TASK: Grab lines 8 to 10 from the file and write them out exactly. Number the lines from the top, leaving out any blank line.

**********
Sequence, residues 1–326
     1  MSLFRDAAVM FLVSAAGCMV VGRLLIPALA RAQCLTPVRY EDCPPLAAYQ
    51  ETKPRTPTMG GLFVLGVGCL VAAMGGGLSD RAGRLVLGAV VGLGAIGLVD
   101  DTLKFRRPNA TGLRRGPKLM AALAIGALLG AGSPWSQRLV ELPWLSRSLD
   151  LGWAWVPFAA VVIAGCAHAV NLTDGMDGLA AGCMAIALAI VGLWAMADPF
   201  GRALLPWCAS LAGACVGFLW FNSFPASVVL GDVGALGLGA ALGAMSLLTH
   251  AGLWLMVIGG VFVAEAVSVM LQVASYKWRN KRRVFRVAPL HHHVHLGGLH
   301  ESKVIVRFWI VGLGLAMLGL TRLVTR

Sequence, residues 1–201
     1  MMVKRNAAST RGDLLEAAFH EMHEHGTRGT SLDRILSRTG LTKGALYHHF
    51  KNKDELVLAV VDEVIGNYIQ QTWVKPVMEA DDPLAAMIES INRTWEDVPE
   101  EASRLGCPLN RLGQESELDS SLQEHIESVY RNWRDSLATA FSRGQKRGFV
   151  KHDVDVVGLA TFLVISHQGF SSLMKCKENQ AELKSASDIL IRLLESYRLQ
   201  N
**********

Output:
   301  ESKVIVRFWI VGLGLAMLGL TRLVTR

Sequence, residues 1–201
     1  MMVKRNAAST RGDLLEAAFH EMHEHGTRGT SLDRILSRTG LTKGALYHHF